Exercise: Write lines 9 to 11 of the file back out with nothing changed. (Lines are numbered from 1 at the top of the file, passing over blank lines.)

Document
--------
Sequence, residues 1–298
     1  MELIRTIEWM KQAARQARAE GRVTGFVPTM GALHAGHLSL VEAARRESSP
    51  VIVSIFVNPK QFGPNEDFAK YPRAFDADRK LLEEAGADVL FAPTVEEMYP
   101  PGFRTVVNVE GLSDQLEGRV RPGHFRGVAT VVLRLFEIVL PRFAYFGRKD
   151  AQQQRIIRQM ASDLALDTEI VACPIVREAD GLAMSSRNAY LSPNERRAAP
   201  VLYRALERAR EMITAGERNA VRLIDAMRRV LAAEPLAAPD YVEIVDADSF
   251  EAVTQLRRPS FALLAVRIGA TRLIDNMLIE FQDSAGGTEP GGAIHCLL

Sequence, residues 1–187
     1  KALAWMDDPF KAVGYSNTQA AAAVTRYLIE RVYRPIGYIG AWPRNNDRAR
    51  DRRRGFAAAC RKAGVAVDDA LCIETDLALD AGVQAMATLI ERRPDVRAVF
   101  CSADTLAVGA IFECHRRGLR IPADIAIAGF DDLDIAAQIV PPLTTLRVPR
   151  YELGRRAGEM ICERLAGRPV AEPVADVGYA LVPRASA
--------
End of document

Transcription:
     1  KALAWMDDPF KAVGYSNTQA AAAVTRYLIE RVYRPIGYIG AWPRNNDRAR
    51  DRRRGFAAAC RKAGVAVDDA LCIETDLALD AGVQAMATLI ERRPDVRAVF
   101  CSADTLAVGA IFECHRRGLR IPADIAIAGF DDLDIAAQIV PPLTTLRVPR